President Joe Biden vowed Friday to evacuate every American in Afghanistan who wants to go home, but seconds later said he can’t promise a “final outcome.”
Biden made the contradictory points in scripted remarks, before he took a few questions on the Taliban’s takeover of Afghanistan as the U.S. hastily withdrew forces. It was the first time that the president took live questions from news reporters since the botched U.S. withdrawal.
Biden said administration officials “don’t have the exact number of people who are Americans” remaining in Afghanistan, but that he is counting on the Taliban to ensure safe passage for those who want to leave.
Estimates of the number of Americans still in Afghanistan vary from under 5,000 to as many as 40,000, according to published reports.
In his opening comments, Biden said:
Let me be clear. Any American who wants to come home, we will get you home.
Make no mistake, this evacuation mission is dangerous. It involves risks to armed forces and it is being conducted under difficult circumstances. I cannot promise what the final outcome will be, or that it will be without risk or loss. As commander in chief, I can assure you that I will mobilize every resource necessary.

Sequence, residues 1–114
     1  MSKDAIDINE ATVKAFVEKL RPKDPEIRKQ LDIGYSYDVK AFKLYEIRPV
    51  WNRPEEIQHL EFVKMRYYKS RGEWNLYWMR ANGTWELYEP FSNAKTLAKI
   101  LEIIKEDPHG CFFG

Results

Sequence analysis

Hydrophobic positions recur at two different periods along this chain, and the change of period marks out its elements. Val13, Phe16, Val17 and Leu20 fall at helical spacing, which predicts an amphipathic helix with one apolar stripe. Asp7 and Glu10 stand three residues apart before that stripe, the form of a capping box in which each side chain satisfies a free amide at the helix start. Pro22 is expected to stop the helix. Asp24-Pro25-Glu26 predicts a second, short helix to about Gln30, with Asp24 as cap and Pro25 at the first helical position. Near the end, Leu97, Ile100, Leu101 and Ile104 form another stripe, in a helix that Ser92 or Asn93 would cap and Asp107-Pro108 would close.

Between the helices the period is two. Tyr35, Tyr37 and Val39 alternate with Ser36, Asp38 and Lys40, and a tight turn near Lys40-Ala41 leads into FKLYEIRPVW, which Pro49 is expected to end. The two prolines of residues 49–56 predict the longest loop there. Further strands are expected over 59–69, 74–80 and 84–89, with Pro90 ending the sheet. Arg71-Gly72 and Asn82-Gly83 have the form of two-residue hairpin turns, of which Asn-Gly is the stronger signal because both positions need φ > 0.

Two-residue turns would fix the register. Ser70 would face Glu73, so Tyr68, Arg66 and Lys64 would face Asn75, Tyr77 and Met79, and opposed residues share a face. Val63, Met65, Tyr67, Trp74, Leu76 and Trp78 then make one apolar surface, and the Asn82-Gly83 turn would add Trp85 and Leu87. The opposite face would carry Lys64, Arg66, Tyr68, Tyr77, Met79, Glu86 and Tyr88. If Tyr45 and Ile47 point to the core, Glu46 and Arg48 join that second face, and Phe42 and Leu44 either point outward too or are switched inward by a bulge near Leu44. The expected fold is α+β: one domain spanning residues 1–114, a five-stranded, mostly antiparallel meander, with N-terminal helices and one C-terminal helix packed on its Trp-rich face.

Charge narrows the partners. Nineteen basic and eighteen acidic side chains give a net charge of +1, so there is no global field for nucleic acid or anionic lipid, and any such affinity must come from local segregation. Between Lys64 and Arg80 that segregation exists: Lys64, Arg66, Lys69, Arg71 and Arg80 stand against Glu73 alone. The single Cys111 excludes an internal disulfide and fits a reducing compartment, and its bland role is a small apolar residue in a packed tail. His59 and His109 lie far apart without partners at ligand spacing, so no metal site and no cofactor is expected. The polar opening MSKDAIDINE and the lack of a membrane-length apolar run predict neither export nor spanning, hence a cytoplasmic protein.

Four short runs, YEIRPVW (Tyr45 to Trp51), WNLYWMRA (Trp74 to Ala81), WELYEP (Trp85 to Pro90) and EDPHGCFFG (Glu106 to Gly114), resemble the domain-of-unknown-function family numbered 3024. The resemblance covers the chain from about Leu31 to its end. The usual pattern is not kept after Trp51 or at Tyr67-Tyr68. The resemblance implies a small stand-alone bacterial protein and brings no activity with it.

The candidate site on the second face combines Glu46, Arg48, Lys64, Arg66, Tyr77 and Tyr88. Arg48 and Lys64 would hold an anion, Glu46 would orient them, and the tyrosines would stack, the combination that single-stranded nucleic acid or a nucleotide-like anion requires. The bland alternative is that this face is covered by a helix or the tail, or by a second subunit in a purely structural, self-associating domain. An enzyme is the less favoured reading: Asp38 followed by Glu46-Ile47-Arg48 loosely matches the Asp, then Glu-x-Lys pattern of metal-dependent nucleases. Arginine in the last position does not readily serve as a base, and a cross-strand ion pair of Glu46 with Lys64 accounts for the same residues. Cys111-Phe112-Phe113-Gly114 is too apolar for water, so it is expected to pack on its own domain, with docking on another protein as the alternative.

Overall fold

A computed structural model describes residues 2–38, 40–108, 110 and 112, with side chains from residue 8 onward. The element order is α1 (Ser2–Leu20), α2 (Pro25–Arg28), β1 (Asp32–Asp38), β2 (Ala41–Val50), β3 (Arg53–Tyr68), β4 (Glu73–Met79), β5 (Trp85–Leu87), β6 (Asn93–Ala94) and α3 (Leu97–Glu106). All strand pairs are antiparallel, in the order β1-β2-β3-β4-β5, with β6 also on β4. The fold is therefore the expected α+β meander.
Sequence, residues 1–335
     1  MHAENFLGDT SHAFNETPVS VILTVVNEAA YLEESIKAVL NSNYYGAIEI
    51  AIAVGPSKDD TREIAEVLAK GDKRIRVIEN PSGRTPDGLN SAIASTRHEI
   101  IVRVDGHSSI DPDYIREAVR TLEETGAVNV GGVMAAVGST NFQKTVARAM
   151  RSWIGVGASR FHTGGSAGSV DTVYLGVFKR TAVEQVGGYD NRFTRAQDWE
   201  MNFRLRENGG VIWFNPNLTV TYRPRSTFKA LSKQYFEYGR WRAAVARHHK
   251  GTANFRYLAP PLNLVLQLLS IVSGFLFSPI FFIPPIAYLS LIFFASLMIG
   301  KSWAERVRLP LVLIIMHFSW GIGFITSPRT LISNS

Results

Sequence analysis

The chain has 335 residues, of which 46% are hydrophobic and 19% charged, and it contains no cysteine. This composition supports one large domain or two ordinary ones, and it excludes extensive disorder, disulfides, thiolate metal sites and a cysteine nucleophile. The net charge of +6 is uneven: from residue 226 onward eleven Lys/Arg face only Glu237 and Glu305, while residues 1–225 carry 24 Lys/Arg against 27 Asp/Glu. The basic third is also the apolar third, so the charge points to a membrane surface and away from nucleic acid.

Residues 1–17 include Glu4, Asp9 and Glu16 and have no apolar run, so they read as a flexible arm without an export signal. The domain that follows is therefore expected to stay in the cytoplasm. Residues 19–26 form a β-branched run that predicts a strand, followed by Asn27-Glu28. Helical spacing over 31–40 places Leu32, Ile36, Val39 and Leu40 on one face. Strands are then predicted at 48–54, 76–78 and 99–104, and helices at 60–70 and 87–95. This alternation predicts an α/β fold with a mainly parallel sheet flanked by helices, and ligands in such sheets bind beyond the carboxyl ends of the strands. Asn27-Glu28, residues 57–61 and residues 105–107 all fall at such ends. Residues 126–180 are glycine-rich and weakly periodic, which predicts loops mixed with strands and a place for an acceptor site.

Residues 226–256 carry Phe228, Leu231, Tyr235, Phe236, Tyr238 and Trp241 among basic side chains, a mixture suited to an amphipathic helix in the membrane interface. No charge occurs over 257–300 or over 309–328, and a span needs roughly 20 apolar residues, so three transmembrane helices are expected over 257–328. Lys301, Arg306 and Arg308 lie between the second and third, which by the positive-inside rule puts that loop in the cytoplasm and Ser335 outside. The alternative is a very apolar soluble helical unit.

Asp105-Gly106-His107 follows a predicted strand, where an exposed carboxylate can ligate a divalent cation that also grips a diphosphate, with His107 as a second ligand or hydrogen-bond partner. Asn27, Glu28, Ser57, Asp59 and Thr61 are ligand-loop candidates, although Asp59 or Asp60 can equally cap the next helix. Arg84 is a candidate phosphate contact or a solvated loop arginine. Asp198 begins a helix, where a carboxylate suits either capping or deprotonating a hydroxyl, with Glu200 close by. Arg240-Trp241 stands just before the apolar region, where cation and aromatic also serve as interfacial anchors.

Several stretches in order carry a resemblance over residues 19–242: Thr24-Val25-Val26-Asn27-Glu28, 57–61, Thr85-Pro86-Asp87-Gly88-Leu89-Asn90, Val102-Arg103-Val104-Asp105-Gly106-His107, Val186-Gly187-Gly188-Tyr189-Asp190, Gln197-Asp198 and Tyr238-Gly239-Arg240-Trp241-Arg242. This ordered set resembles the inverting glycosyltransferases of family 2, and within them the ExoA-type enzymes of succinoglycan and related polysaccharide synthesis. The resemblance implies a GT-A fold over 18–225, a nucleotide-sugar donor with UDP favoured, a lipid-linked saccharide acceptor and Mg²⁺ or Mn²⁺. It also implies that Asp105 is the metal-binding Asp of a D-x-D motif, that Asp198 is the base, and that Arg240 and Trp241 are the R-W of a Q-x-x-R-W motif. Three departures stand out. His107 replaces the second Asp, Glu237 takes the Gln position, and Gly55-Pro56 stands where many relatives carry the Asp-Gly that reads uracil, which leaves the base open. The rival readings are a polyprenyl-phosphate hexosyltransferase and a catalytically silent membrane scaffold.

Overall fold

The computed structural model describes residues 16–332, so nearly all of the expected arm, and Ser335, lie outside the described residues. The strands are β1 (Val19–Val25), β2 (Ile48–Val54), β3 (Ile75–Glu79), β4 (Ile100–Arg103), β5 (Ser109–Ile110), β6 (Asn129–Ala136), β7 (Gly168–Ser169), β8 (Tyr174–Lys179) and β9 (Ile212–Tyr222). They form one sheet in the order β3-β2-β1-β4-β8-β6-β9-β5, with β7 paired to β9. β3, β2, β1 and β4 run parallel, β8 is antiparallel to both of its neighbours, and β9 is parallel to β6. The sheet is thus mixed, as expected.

While speaking and taking a few questions from reporters in the East Room of the White House, Biden was flanked by Vice President Kamala Harris, Secretary of State Antony Blinken, Defense Secretary Lloyd Austin, and national security adviser Jake Sullivan.
The president at times seemed unclear regarding the evacuation flights out of the U.S.-controlled international airport in Kabul.
He said that the administration didn’t know how many Americans are in Afghanistan and that the Taliban—long designated a terrorist group—wants international legitimacy.
And after repeating that “the buck stops with me,” Biden said the U.S. withdrawal was based on a “consensus” of his advisers, without specifically addressing the chaotic nature of that exit.
Biden’s appearance lasted just under 30 minutes, and he took questions from only five reporters—from Associated Press, National Public Radio, Bloomberg News, “PBS NewsHour,” and ABC News—after his scripted remarks. Many others called out questions as he walked out.
Reporters pressed Biden about whether Americans were having difficulty getting to the airport in Kabul for flights out of Afghanistan. The president said Americans will be able to board outbound planes based on a deal with the Taliban to allow safe passage to the airport.
“To the best of our knowledge, the Taliban checkpoints, they are letting through people showing American passports,” Biden said, adding: “We have an agreement that they will let pass through the checkpoints that they, the Taliban, control. Let Americans through.”
The U.S. gave up its own heavily fortified air base at Bagram in the sudden exit.
Biden spoke recently with the leaders of Germany, Britain, and France about convening a discussion among G-7 leaders next week to address what is happening in Afghanistan.
Biden, answering a question, predicted that the Taliban, an armed terrorist group with a history of horrific violence, will want to have international legitimacy as it runs Afghanistan.
“Secretary Blinken and I am going to be working with our allies to see to it that we can bring international pressure on the Taliban,” Biden said, adding: